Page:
Conducted by Richard Wobbekind and Brian Lewandowski from the Business Research Division of the Leeds School of Business at the University of Colorado Boulder.
In November 2012, voters in the City of Longmont passed a charter amendment effectively banning the use of hydraulic fracturing (fracking) and the storage of the resultant waste products by a 59.9% to 40.1% margin. The amendment does not ban drilling per se, but forbids the practice of fracking. This amendment set the stage for citizen initiatives elsewhere, including Boulder, Broomfield, Fort Collins, and Lafayette, that successfully passed moratoriums in November 2013. While legal contests to these bans and moratoriums are currently taking place, it is expected that another anti-fracking measure could be headed to the Colorado ballots this November. These measures fall into two general categories: local control and setbacks. Local Control Colorado has submitted language to the Colorado Legislative Services for a constitutional amendment that would allow Colorado voters a voice over whether hydraulic fracturing should be allowed within the bounds of their communities. Separately, the setback initiatives range between 1,500 feet and one-half mile. Colorado Governor John Hickenlooper describes the state’s regulation as “the most comprehensive and stringent” in the country. This study focuses on the economic impacts of a statewide ban on fracking.
Reporting the industry size in terms of gross domestic product, oil and gas extraction and support activities was nearly equivalent to the construction industry or the accommodations and food services industry in 2011. More than 87% of oil and gas activity in Colorado is concentrated in 5 counties, and 31 counties represent the remaining 13% of activity. However, the employment and tax impacts are much more widespread. The five largest-producing counties represent 35% of upstream and midstream employment, the 31 smallest-producing counties represent 29%, and the 28 nonproducing counties account for 36%. Likewise, while industry taxes have the greatest impact on local government spending, the industry also pays taxes that flow to the Colorado general fund, which is then spent on everything from education to infrastructure in the state of Colorado.
This study was modeled beginning in 2015, assuming a 95% reduction in new activity and continued legacy production from existing wells. The study incorporates the steep depletion rates for oil and gas production observed in Colorado historical data going back to 1970. Given a fracking ban beginning in 2015, the economic consequence would be an average $8 billion in lower gross domestic product (GDP) and 68,000 fewer jobs in the first five years compared to the baseline scenario, and an average of $12 billion lower GDP and 93,000 fewer jobs between 2015 and 2040. The negative impact on disposable personal income places drag on the consumption-supported industries, such as retail and real estate, as well as on taxes. Extrapolating prior research on fiscal impacts of the industry, the depletion production would leave Colorado jurisdictions with an average direct revenue reduction of $567 million over the first five years, declining $985 million by 2040.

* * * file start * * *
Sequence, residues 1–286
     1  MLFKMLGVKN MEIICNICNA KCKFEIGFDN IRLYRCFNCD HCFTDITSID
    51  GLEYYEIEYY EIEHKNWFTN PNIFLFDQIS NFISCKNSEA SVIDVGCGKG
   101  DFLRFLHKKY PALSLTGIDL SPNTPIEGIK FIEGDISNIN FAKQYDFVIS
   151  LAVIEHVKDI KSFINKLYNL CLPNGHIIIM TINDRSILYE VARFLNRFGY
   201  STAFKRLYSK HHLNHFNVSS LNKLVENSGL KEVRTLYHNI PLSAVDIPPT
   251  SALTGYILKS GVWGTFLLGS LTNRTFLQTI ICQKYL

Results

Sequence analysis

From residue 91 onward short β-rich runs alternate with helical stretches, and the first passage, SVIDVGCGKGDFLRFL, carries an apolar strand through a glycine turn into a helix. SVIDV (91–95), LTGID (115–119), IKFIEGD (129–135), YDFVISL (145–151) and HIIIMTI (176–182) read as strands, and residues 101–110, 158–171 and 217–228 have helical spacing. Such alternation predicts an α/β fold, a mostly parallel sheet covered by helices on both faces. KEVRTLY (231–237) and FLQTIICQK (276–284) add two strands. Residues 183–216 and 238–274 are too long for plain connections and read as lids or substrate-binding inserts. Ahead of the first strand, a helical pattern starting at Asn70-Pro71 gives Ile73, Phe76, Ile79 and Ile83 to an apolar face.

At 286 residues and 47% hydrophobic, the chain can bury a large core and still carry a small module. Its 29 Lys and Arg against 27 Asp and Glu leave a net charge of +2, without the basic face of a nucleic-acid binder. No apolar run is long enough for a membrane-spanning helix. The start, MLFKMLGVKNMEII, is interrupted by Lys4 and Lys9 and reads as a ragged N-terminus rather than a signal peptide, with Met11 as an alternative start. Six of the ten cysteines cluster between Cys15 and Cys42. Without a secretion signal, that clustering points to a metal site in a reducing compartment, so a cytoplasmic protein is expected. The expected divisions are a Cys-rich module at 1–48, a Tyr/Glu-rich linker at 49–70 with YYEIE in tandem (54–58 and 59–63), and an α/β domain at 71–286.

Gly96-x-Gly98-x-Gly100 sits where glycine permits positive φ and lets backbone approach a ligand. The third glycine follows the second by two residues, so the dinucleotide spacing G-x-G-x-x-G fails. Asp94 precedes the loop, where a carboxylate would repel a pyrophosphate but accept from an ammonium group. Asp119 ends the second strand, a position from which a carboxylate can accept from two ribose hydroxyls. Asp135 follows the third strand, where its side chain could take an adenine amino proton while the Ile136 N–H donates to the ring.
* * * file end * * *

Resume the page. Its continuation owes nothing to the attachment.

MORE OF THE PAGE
The economic impacts are presented as a change from baseline expectations. The fracking ban shifts Colorado’s employment base downward, by an average of 68,000 jobs over the first five years, and by an average of 93,000 jobs between 2015 and 2040 (See Figure 1). The legacy production from existing wells and modest new production absent of fracking will continue to support direct and indirect upstream, midstream, and downstream employment. The direct industry impacts fall squarely on the Mining Sector, as well as some Construction (e.g., pipeline construction); Professional, Scientific, and Technical Services (engineering, R&D); and Government (regulation). The impacts of fewer jobs and wages result in reduced household spending impacts that affect everything from Construction to Retail Trade…
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